• Type of insurance you choose:  There are three basic types of pet insurance available in Australia; accident-only, accident and illness, and comprehensive insurance. An accident-only policy is the cheapest type of insurance available, with comprehensive coverage costing the most.  
  • The policy annual limit: Each pet insurance policy has an annual limit, which is the maximum amount that will be paid out on the policy in one financial year. Annual limits range from around $10,000 up to $25,000 or more.   
  • Sub-limits: In addition to an annual limit, there may also be sub-limits that apply to the policy, for example, a $300 sub-limit for consultation fees, or a $5,000 limit for cruciate ligament conditions.   
  • Benefit percentage: Pet insurance does not cover 100% of the cost of your vet bill. Instead, it may pay a percentage of the total bill. This can range from 50% for cheaper policies, up to 90% for the best policies available.   
  • Excess amount: This is the amount you’ll need to pay out-of-pocket each time you make a claim on your policy. Some pet insurance policies do not come with an excess amount, whilst others do.  
  • Any add-ons you choose: It’s possible to add on more cover options to a basic policy, such as emergency boarding fees, routine care and dental care. These add-ons extend the scope of your pet insurance, but do increase the overall cost of the policy.  
  • Discounts: some insurers offer discounts of between 5% and 15% if you have multiple pets insured together, if you pay your premium annually, or if you bundle your pet insurance with other forms of insurance with the same company.
  • Gap-only insurance options: Some insurance companies offer a gap-only insurance option, which means when you go to the vet you'll only be required to pay the gap amount, not the cost of the whole bill. This is similar to the Medicare system of health insurance for humans in Australia, where gap payments can be made at HICAPS terminals at the time of treatment. 

Types of pet insurance you can choose from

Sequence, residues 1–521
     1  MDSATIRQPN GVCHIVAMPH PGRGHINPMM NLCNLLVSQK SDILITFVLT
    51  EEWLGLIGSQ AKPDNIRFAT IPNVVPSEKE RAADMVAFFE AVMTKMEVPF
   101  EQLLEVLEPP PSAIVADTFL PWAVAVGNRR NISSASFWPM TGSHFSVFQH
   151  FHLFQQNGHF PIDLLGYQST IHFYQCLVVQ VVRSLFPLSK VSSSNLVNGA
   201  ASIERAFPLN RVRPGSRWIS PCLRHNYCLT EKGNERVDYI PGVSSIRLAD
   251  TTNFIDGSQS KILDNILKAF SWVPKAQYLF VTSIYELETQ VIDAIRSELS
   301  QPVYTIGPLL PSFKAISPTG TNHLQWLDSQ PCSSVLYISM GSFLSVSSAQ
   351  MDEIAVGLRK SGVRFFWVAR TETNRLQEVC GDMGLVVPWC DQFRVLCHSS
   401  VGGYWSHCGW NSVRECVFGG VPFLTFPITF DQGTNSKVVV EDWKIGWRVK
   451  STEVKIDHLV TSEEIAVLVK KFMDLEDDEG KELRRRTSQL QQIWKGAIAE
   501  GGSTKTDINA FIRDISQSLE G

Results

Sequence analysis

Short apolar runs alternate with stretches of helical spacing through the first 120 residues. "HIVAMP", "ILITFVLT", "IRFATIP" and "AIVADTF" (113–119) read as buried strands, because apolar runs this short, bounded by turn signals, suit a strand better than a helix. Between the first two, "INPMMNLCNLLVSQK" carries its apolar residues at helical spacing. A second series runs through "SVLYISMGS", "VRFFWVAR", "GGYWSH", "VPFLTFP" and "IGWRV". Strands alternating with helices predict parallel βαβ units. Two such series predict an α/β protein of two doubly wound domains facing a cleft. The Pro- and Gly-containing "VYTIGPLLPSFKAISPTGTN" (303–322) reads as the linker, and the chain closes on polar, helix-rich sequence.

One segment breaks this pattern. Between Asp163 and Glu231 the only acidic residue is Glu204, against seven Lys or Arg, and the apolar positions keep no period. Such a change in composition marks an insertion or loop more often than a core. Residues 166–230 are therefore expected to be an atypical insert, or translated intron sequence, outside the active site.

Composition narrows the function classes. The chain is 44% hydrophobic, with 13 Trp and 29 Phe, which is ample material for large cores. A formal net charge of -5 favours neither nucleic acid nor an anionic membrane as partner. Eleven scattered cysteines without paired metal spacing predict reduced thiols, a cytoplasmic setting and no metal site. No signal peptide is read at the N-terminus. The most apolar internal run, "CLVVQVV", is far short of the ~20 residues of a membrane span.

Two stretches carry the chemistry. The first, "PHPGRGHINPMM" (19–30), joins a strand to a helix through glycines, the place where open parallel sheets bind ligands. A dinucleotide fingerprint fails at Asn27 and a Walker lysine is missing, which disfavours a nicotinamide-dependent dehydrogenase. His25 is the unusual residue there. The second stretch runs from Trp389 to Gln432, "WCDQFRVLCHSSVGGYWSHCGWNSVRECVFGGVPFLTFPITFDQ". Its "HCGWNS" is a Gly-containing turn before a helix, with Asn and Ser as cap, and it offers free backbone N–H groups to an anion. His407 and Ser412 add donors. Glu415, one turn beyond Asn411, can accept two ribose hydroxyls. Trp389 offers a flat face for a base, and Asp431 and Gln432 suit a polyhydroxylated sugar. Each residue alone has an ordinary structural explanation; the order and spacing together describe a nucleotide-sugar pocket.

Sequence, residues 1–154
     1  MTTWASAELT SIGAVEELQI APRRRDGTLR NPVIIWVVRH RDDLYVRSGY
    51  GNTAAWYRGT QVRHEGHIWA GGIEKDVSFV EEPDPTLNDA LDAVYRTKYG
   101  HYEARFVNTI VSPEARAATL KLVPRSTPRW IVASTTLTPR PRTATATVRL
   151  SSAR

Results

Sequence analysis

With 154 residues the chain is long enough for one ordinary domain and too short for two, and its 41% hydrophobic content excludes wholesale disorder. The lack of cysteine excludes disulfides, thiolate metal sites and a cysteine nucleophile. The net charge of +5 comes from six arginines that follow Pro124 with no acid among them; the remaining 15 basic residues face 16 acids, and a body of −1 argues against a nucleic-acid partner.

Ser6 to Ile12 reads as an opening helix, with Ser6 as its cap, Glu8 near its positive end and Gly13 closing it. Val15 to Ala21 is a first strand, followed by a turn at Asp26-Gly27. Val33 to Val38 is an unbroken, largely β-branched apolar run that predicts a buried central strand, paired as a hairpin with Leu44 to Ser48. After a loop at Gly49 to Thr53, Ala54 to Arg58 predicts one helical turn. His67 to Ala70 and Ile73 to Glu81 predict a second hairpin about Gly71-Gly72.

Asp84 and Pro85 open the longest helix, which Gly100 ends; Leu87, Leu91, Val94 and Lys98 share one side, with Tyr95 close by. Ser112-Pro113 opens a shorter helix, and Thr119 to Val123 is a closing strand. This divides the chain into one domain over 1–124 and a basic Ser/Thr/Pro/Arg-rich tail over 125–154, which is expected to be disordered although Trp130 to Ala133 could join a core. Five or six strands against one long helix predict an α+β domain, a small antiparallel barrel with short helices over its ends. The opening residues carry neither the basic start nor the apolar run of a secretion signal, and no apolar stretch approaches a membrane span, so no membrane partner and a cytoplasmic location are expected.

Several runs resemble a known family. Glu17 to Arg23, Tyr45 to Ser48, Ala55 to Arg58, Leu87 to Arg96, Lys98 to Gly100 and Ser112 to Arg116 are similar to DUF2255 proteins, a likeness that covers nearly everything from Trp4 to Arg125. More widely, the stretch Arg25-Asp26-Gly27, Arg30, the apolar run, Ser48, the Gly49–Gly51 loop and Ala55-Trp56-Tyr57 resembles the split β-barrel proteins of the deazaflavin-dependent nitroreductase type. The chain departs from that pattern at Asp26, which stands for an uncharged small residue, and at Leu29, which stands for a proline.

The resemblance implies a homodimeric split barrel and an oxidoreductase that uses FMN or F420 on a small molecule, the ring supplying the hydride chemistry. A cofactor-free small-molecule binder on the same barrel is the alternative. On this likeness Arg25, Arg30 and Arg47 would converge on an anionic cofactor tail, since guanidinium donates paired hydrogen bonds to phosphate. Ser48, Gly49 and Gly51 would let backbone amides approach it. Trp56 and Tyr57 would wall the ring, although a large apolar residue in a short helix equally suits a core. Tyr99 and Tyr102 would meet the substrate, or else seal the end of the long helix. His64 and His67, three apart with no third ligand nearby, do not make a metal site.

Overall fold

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Common questions about Old English Sheepdogs

Are Old English Sheepdogs good family pets?

Yes, they make excellent family pets. They are known for their gentle and friendly nature, making them great companions for families of all sizes. They are typically good with children and can be protective of their loved ones. 

Do Old English Sheepdogs shed a lot?

Yes, they do shed, and their thick coat can produce quite a bit of loose hair. Regular brushing helps manage shedding, but be prepared for a lot of hair around your home, especially during seasonal changes. 

Do Old English Sheepdogs make good guard dogs?

While they may not be aggressive, Old English Sheepdogs are very protective of their family and home. Their size and very loud bark can deter potential intruders, making them very effective watchdogs. 

Do Old English Sheepdog bark a lot?

Old English Sheepdogs are not known for their excessive barking. While they will alert their owners to potential intruders or unusual sounds, they are generally not yappy or prone to constant barking. However, they do have a very loud and distinctive voice, so when they do bark, you’ll know all about it!  

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Whether you're buying for your dog or cat and whether they're big or small, you can compare pet insurance policies tailored to your furry friend's needs from Savvy's panel of trusted Australian insurers. Grab a free, no-obligation quote today!
Old English Sheepdog